I ran it on a RDP server and still had corruptions. When users left the app open and session closed or then they suspended a session and not close. Lot of UE errors can happen. I left the same RDP server in place and switched to SQL and corruptions/database errors went away.

RSchofield, do you happen to know if STREAM( ) command was used throughout the code in the app or if the .TPS files were being stored on a different server than the RDP server or on a NAS? I can imagine that either case could trigger problems. Otherwise, I just find it hard to believe that there were corruptions when running under RDP with the .TPS files on a drive within the RDP server. Although, I can think of a case where live backup software can cause a problem with a file system like .TPS where the files are constantly opened and closed and the backup software tries to squeeze in a back.

To measure the network speed, I use the free version of “LAN Speed Test” because the supposedly 1Gbps LAN usually runs at 100Mbps because of bad cable connections, sloppy LAN card setup, etc. It helps with the performance of Microsoft Access data files, so I’m sure you will get some useful data for TPS files too.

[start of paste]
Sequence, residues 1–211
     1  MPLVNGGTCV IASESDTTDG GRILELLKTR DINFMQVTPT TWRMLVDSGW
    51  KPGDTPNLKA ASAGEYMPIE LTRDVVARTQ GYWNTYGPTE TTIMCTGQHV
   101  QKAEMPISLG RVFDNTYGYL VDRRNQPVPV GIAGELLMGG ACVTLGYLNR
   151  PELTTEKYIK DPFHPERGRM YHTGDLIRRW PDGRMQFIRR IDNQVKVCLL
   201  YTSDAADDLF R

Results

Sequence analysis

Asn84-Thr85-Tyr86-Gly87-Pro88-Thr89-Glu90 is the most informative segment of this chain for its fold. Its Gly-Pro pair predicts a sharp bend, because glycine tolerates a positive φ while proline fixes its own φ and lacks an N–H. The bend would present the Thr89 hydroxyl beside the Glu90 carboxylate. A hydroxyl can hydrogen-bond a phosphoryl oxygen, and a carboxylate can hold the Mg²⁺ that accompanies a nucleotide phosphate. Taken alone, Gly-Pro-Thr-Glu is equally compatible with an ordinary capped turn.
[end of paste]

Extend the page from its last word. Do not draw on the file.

“You can’t solve a problem until you can measure it.”

Also, check out the oplocks settings and other advice offered above.

Word of warning: getting the IT guys to actually run LAN Speed Test may be a problem, because they don’t like having to fix their own setup problems.

No STREAM and app and TPS in same folder. No live backups either. I tried many things to try and fix the problem, but never did. Windows isn’t designed for ISAM files. Netware was great. The same app running on NetWare never corrupted the TPS file, Windows always did.

Hi All,

Thank you all for the feedback. I will use these to reply to the client and IT. Let’s see what they say and if they can get it sorted.

I really appreciate all your feedback.